When reputation matters, you can benefit by cooperating

November 2010

Why do people give to charity or make other contributions to the public good? What are the advantages to individuals in performing charitable acts with no direct benefit to themselves or their kin?  These questions are still debated in the fields of behavioural science and evolutionary psychology. Dr Gilbert Roberts and Karolina Sylwester at the Institute of Neuroscience have addressed these questions using controlled game playing. They investigated the hypothesis that a person who cooperates with others – even without immediate benefit -- may benefit in the future by developing a reputation that makes him more likely to be chosen for a profitable cooperative partnership. This process is called competitive altruism or reputation-based partner choice.
 
Sylwester and Roberts, who report their results in Biology Letters, recruited individuals to take part in public goods games in groups of four. In these games, participants are given an amount of money and can decide whether to donate some of it to a central pot. Any contributions are doubled and split between the players. Although cooperation would benefit all, it is difficult to achieve because free-riding on others’ contributions pays even better. However, Sylwester and Roberts told participants that they would find out what the other players had donated to the central pot and would then be able to choose partners for a second cooperative game played in pairs.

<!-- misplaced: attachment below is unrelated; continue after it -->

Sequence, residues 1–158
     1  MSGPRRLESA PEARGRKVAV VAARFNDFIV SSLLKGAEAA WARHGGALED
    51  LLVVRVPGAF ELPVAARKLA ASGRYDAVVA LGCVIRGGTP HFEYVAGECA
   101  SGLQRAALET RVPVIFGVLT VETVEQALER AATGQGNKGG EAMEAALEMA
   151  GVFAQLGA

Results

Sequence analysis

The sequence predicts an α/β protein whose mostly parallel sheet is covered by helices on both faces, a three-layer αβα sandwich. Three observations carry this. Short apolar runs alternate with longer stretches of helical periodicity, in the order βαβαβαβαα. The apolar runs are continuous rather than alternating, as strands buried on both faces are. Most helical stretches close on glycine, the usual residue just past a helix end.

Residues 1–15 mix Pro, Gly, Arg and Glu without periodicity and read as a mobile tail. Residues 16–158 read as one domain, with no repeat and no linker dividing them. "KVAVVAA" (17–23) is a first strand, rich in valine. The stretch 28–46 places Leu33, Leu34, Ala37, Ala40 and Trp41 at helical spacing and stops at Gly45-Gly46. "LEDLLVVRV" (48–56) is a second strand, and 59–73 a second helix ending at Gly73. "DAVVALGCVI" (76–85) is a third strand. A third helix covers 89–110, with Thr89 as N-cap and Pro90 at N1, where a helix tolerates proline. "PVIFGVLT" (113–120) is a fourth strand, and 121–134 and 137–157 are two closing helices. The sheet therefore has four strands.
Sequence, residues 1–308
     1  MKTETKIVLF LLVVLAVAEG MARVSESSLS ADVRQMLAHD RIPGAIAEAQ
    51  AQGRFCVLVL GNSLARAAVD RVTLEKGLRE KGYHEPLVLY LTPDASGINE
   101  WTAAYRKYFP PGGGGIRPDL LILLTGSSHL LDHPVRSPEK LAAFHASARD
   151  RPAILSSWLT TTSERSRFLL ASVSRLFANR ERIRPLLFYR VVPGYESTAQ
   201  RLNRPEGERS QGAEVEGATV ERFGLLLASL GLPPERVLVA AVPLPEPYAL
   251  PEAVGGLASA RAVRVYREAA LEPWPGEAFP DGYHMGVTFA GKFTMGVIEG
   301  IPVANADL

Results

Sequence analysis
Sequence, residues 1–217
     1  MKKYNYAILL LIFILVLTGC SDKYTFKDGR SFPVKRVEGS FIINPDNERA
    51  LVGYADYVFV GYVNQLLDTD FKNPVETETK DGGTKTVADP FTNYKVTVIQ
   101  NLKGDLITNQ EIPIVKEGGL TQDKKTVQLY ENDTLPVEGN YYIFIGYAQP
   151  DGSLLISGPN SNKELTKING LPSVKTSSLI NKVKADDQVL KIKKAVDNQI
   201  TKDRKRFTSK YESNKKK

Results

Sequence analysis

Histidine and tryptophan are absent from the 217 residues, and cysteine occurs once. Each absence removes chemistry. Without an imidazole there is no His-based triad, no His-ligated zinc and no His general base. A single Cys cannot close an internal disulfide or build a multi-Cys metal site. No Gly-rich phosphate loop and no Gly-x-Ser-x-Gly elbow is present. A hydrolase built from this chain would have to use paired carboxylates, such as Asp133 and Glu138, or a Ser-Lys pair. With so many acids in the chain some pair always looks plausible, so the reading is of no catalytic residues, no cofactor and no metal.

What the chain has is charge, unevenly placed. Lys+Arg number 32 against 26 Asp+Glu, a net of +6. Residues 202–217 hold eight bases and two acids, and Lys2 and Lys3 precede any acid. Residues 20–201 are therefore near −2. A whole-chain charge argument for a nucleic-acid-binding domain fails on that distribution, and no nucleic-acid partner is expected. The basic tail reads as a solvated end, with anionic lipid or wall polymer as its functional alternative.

The researchers found that those who gave more in the first stage were more often selected as desired partners and received more from those partners in the paired cooperative game. In this way, those who gave away most money in the early rounds actually finished with more money at the end. It appears that investing in a good reputation by helping others can be a strategic decision which pays off in the longer term. The research suggests that access to profitable partnerships may drive helping behaviour through the benefits of being seen to be cooperative.

Cooperators benefit through reputation-based partner choice in economic games. Sylwester K, Roberts G. Biology Letters 2010, 6(5), 659-662. (PubMed abstract: http://www.ncbi.nlm.nih.gov/pubmed/20410026)

published on: 17th November 2010